Srivastava et al., A Brief Review on Medicinal Plants-At-Arms against COVID-19, Interdisciplinary Perspectives on Infectious Diseases, doi:10.1155/2023/7598307
COVID-19 pandemic caused by the novel SARS-CoV-2 has impacted human livelihood globally. Strenuous efforts have been employed for its control and prevention; however, with recent reports on mutated strains with much higher infectivity, transmissibility, and ability to evade immunity developed from previous SARS-CoV-2 infections, prevention alternatives must be prepared beforehand in case. We have perused over 128 recent works (found on Google Scholar, PubMed, and ScienceDirect as of February 2023) on medicinal plants and their compounds for anti-SARS-CoV-2 activity and eventually reviewed 102 of them. The clinical application and the curative effect were reported high in China and in India. Accordingly, this review highlights the unprecedented opportunities offered by medicinal plants and their compounds, candidates as the therapeutic agent, against COVID-19 by acting as viral protein inhibitors and immunomodulator in (32 clinical trials and hundreds of in silico experiments) conjecture with modern science. Moreover, the associated foreseeable challenges for their viral outbreak management were discussed in comparison to synthetic drugs.
England et al., Plants as Biofactories for Therapeutic Proteins and Antiviral Compounds to Combat COVID-19, Life, doi:10.3390/life13030617
The outbreak of coronavirus disease 2019 (COVID-19) caused by severe acute respiratory syndrome coronavirus 2 (SARS-CoV-2) had a profound impact on the world’s health and economy. Although the end of the pandemic may come in 2023, it is generally believed that the virus will not be completely eradicated. Most likely, the disease will become an endemicity. The rapid development of vaccines of different types (mRNA, subunit protein, inactivated virus, etc.) and some other antiviral drugs (Remdesivir, Olumiant, Paxlovid, etc.) has provided effectiveness in reducing COVID-19’s impact worldwide. However, the circulating SARS-CoV-2 virus has been constantly mutating with the emergence of multiple variants, which makes control of COVID-19 difficult. There is still a pressing need for developing more effective antiviral drugs to fight against the disease. Plants have provided a promising production platform for both bioactive chemical compounds (small molecules) and recombinant therapeutics (big molecules). Plants naturally produce a diverse range of bioactive compounds as secondary metabolites, such as alkaloids, terpenoids/terpenes and polyphenols, which are a rich source of countless antiviral compounds. Plants can also be genetically engineered to produce valuable recombinant therapeutics. This molecular farming in plants has an unprecedented opportunity for developing vaccines, antibodies, and other biologics for pandemic diseases because of its potential advantages, such as low cost, safety, and high production volume. This review summarizes the latest advancements in plant-derived drugs used to combat COVID-19 and discusses the prospects and challenges of the plant-based production platform for antiviral agents.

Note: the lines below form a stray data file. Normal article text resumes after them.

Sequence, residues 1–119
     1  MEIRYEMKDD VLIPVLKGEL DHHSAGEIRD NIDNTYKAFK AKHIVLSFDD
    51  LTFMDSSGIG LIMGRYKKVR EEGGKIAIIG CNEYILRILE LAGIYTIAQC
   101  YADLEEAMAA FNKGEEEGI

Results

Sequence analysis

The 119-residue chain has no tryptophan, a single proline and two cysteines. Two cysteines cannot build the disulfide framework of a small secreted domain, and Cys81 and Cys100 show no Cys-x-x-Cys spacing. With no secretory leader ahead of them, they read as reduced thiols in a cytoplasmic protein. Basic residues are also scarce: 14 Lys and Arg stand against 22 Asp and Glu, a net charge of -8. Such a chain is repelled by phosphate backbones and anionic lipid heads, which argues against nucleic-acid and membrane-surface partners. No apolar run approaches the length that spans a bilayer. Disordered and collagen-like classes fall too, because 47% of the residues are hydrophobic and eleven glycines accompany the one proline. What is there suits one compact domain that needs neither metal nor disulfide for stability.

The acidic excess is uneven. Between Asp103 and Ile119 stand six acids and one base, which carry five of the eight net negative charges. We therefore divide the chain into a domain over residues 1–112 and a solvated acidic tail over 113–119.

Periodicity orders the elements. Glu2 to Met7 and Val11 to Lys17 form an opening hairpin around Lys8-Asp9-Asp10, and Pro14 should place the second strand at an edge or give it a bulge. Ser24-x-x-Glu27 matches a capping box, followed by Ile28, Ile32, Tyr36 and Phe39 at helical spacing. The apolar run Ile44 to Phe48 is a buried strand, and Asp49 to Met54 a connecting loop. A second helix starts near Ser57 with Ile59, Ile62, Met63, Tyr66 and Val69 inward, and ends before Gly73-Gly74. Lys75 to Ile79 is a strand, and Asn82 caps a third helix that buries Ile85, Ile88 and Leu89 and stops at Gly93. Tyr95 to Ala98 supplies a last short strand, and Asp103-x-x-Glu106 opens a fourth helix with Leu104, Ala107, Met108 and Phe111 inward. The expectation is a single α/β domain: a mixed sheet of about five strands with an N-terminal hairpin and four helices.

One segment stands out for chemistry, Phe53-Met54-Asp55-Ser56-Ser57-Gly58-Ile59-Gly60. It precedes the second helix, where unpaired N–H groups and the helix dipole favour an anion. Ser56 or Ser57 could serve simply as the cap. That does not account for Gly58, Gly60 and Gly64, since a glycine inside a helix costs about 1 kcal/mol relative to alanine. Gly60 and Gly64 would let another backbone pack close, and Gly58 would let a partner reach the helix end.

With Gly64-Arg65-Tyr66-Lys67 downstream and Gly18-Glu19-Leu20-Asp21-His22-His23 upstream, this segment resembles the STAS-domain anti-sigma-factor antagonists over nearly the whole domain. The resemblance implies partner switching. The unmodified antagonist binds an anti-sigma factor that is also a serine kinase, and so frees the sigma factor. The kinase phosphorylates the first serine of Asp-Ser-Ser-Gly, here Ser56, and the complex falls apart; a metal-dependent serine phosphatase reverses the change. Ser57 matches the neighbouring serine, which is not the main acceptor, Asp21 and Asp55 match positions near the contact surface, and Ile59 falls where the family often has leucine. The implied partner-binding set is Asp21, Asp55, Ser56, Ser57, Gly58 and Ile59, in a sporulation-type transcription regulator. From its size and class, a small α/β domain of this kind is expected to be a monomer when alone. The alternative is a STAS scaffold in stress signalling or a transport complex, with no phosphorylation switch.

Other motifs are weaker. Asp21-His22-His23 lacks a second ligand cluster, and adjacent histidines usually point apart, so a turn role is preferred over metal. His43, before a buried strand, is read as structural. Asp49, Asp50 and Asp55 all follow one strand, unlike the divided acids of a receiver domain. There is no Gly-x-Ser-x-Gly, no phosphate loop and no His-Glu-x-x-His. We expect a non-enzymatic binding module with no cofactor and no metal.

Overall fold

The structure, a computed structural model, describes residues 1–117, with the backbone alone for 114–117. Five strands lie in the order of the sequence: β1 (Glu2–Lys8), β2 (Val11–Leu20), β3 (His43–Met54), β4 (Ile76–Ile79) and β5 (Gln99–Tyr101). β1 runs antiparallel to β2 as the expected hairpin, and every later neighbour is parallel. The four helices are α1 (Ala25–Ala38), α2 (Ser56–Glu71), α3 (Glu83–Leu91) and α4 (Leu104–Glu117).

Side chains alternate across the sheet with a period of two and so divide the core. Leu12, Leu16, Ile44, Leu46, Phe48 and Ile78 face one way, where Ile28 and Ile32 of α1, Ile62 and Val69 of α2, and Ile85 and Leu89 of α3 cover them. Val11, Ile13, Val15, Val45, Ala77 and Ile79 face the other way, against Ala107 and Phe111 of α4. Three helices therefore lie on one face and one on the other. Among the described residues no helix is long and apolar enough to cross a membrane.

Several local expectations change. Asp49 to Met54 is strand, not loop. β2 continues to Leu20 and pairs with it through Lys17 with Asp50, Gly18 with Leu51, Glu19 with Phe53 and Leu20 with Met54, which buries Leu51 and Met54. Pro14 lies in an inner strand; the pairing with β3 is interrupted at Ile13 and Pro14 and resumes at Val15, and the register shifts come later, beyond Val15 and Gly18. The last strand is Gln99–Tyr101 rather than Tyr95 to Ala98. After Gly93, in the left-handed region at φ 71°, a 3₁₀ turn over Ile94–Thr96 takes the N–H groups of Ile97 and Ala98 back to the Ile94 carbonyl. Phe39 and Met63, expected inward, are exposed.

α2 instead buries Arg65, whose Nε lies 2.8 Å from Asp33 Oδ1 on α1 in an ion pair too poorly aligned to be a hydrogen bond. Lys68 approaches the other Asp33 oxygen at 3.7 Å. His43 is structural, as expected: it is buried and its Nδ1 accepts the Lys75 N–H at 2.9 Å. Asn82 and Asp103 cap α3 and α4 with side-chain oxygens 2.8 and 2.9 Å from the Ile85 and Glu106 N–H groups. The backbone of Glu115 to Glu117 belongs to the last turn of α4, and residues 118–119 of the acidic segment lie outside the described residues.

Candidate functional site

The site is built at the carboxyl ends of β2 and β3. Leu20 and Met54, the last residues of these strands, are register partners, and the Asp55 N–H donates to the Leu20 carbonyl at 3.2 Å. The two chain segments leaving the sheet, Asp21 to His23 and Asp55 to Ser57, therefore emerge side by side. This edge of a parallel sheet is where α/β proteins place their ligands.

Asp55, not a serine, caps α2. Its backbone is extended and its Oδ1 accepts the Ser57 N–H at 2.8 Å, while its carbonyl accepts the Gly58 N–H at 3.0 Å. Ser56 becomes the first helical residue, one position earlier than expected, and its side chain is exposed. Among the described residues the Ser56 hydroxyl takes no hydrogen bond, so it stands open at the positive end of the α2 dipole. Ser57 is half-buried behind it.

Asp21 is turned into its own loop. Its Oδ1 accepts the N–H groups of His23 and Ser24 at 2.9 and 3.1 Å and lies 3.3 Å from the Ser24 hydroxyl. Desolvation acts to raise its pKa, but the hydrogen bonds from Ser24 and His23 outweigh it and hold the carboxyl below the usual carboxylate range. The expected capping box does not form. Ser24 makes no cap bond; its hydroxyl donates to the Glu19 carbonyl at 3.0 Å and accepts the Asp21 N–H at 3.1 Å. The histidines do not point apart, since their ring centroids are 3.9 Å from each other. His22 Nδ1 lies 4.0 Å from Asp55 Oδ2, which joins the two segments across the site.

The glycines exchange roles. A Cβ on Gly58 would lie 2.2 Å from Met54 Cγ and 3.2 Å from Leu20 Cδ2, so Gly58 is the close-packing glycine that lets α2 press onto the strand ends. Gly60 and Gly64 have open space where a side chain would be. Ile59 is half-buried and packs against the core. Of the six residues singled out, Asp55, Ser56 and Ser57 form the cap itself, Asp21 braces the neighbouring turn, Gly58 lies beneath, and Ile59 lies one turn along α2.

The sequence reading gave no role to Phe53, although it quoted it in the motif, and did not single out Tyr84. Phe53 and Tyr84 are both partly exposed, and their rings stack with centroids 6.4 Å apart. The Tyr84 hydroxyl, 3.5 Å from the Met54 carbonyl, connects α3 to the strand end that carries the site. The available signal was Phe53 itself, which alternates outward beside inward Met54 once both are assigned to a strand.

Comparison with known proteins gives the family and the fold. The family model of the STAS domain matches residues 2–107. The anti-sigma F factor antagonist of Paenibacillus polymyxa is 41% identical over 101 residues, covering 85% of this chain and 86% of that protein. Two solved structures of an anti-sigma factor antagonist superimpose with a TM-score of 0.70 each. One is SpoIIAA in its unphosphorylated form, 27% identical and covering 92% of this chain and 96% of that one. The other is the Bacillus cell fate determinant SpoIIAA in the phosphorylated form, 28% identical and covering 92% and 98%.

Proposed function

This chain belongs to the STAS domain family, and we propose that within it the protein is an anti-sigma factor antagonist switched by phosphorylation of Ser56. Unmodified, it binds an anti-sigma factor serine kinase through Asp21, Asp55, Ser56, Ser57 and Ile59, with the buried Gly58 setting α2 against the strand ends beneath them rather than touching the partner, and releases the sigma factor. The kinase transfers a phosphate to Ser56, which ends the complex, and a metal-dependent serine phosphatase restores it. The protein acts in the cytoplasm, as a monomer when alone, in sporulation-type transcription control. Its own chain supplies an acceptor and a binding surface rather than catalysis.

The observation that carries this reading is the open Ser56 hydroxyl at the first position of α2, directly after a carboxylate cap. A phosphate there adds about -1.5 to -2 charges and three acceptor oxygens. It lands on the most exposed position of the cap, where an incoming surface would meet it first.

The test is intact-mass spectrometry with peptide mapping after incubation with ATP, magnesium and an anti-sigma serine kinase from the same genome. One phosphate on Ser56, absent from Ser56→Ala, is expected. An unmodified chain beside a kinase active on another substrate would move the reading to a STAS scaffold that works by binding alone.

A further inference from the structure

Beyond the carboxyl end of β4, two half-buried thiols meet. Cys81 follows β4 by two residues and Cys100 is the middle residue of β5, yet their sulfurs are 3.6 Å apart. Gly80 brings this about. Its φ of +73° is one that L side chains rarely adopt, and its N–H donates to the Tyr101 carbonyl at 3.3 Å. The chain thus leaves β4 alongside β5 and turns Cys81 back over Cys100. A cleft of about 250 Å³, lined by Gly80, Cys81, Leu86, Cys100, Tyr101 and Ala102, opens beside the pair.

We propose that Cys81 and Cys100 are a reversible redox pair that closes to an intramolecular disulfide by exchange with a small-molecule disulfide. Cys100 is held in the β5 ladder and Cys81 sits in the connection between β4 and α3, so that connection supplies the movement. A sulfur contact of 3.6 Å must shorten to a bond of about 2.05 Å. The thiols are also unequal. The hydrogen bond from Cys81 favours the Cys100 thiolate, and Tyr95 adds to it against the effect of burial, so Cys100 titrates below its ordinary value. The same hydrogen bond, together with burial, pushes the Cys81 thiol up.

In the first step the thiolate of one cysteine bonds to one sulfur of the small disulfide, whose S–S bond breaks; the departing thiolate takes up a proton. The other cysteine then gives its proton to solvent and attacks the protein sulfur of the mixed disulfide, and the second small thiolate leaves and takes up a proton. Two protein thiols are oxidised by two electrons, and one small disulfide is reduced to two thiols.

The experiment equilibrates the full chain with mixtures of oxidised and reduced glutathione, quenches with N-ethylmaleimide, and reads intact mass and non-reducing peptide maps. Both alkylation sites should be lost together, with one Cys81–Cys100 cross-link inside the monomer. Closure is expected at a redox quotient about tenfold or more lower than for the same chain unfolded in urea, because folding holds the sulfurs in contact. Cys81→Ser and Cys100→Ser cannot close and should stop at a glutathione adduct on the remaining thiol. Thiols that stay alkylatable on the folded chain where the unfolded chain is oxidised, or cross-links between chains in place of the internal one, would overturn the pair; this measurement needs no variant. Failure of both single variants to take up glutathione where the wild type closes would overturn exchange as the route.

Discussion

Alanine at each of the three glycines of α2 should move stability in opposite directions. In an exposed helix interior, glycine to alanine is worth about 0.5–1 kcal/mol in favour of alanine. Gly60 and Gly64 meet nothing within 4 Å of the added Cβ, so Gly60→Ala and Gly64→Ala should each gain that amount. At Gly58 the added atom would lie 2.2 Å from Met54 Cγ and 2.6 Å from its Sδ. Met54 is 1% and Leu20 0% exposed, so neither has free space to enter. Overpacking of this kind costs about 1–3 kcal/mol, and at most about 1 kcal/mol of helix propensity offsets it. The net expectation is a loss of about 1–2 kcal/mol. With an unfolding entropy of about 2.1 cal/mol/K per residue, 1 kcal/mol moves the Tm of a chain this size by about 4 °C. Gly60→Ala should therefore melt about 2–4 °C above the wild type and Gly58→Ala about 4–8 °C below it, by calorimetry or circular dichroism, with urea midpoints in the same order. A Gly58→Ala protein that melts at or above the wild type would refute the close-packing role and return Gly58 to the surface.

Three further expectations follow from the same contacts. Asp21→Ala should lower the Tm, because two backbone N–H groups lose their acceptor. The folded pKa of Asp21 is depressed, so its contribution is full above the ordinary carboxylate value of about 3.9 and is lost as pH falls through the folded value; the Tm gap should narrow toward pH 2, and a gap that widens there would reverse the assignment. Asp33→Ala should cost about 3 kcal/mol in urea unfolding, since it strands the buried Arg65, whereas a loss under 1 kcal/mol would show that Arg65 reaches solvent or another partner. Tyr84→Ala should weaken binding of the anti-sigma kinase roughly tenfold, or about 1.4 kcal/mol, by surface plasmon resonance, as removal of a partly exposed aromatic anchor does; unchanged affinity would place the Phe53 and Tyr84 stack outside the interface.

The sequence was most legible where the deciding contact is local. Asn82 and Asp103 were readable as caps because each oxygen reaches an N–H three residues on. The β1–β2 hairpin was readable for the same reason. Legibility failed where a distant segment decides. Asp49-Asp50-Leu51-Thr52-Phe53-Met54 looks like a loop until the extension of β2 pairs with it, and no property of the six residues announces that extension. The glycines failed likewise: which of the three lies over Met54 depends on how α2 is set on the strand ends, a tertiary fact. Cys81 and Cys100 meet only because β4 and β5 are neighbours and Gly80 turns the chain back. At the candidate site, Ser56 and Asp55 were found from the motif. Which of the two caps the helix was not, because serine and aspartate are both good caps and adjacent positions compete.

Atoum et al., Paving New Roads Using Allium sativum as a Repurposed Drug and Analyzing its Antiviral Action Using Artificial Intelligence Technology, Iranian Journal of Pharmaceutical Research, doi:10.5812/ijpr-131577